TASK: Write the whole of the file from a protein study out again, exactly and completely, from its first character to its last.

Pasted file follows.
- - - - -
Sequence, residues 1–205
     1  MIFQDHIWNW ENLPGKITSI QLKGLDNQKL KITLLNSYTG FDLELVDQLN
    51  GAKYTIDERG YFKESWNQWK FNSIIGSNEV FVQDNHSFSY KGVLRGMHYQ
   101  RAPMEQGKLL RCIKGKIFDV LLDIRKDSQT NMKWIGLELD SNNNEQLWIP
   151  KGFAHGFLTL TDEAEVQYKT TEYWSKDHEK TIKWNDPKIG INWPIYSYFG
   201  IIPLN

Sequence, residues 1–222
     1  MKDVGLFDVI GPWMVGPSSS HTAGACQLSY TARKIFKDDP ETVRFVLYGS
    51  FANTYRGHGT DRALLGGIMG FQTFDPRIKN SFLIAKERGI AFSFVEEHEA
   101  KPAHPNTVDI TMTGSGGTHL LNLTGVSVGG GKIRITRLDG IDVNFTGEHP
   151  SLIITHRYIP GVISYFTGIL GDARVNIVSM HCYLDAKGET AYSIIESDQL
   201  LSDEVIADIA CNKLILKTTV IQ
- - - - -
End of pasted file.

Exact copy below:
Sequence, residues 1–205
     1  MIFQDHIWNW ENLPGKITSI QLKGLDNQKL KITLLNSYTG FDLELVDQLN
    51  GAKYTIDERG YFKESWNQWK FNSIIGSNEV FVQDNHSFSY KGVLRGMHYQ
   101  RAPMEQGKLL RCIKGKIFDV LLDIRKDSQT NMKWIGLELD SNNNEQLWIP
   151  KGFAHGFLTL TDEAEVQYKT TEYWSKDHEK TIKWNDPKIG INWPIYSYFG
   201  IIPLN

Sequence, residues 1–222
     1  MKDVGLFDVI GPWMVGPSSS HTAGACQLSY TARKIFKDDP ETVRFVLYGS
    51  FANTYRGHGT DRALLGGIMG FQTFDPRIKN SFLIAKERGI AFSFVEEHEA
   101  KPAHPNTVDI TMTGSGGTHL LNLTGVSVGG GKIRITRLDG IDVNFTGEHP
   151  SLIITHRYIP GVISYFTGIL GDARVNIVSM HCYLDAKGET AYSIIESDQL
   201  LSDEVIADIA CNKLILKTTV IQ